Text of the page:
European Parliament confirms Snowden's whistleblower status

October 30, 2015 | 11:31

Tags: #breach #edward-snowden #leak #security #whistleblower

Companies: #european-parliament #gchq #nsa

The European Parliament has voted to officially recognise former National Security Agency (NSA) contractor Edward Snowden as a whistleblower and human rights defender, calling upon member nations to offer him protection and agree not to respond to requests from the US for extradition.

Snowden hit headlines in 2013 when he left the US for Hong Kong to meet with journalists regarding a cache of hundreds of thousands of confidential documents he had gathered from the NSA pointing to, he claimed, illegal activities including warrantless wiretapping and domestic spying operations, both by the NSA itself and by partner organisations including the UK's Government Communications Headquarters. The publication of findings from these documents led to the US seeking his arrest on charges of treason, and Snowden has been avoiding the long arm of US security agencies ever since.

Details leaked by Snowden include cryptography back-doors used by the NSA and GCHQ and a theft of encryption keys used to protect SIM card data. Security services have branded him a threat, but in a tight vote of 285 for to 281 against the European Parliament branded him 'whistleblower and international human rights activist.'

The vote also called for member nations to drop any outstanding criminal charges against Snowden, grant him protection, and agree to refuse any requests from the US or others for his extradition - despite any extradition agreements that may exist. During the same hearing, the European Parliament expressed concern regarding 'recent laws in some member states that extend surveillance capabilities of intelligence bodies' including the UK, France, and the Netherlands, and called for the European Commission to 'immediately take the necessary measures to ensure that all personal data transferred to the US are subject to an effective level of protection that is essentially equivalent to that guaranteed in the EU' following an ECJ ruling that the Safe Harbour data protection scheme offered inadequate protections.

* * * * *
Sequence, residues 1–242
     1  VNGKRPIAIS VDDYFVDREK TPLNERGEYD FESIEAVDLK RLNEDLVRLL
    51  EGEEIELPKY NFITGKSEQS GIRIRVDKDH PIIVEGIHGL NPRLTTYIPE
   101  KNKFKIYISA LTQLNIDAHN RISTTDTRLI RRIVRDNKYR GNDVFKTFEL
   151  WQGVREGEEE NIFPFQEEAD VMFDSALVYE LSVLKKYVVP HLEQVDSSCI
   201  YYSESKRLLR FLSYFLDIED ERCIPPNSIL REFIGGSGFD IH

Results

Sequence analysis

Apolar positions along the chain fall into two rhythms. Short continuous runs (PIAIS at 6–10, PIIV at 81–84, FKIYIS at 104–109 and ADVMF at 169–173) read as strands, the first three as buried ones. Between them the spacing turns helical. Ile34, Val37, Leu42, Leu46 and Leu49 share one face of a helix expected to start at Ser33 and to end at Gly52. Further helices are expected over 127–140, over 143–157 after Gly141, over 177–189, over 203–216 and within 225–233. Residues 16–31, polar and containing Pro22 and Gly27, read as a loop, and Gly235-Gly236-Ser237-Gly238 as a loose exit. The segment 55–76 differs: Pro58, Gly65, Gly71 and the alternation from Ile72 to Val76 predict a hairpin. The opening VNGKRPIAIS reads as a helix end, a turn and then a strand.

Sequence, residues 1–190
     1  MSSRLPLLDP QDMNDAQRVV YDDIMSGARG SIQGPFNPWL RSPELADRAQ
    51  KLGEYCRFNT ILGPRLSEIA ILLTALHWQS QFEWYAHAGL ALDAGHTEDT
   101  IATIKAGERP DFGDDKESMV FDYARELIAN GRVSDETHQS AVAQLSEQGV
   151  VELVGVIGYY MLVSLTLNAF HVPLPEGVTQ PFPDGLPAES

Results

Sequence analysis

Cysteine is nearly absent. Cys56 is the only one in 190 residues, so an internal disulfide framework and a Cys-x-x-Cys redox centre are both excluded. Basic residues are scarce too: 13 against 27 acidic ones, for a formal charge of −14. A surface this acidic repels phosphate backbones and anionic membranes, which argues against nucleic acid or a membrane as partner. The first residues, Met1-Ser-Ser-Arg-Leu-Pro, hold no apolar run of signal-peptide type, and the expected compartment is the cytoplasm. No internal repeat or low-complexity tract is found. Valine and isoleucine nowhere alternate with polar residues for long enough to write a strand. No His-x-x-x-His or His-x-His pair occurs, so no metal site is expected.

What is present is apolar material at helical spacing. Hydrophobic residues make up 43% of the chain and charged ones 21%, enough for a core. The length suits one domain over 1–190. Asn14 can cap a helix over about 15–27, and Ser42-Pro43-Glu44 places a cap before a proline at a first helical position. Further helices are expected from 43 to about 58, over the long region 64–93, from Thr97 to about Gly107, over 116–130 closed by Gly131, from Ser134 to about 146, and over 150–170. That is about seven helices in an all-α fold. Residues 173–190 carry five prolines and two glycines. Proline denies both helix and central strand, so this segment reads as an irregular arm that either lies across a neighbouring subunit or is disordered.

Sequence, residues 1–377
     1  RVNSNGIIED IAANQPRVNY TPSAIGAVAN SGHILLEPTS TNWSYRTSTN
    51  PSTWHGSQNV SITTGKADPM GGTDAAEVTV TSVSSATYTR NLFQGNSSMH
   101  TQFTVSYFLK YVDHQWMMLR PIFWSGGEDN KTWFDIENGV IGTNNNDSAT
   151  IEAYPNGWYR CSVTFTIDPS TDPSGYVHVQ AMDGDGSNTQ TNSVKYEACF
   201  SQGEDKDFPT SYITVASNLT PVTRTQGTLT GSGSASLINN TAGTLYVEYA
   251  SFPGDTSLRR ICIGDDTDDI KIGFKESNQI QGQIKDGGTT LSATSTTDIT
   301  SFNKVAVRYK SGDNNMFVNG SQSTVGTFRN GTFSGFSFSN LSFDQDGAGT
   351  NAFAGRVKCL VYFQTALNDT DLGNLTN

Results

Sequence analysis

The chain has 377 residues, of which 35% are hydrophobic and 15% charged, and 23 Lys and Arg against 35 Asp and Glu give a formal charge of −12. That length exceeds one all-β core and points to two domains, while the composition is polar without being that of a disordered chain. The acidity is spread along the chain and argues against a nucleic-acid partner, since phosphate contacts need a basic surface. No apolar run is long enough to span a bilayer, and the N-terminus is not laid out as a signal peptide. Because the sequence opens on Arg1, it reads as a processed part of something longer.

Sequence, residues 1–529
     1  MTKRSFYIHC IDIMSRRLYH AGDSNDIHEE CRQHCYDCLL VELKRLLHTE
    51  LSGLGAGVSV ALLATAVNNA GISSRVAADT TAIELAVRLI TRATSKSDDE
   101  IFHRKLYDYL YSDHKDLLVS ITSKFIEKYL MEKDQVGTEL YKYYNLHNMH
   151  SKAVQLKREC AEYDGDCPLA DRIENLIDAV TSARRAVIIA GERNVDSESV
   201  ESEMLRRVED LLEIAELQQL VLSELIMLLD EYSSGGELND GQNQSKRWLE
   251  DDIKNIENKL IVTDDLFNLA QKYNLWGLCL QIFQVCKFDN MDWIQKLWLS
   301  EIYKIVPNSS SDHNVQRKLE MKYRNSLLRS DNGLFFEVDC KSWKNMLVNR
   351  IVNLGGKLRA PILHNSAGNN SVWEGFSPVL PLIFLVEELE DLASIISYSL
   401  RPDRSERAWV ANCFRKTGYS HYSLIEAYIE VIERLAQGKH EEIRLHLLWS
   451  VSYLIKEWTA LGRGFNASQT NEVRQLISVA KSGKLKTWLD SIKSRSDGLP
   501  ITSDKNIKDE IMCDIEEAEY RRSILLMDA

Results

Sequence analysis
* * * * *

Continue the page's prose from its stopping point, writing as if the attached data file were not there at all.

The resolution voted upon by Parliament is, however, non-binding - meaning there is nothing to stop member nations, including the UK, ignoring it outright or giving it lip-service only to arrest Snowden and offer him up for US extradition as soon as he sets foot outside his current safe haven of Russia.
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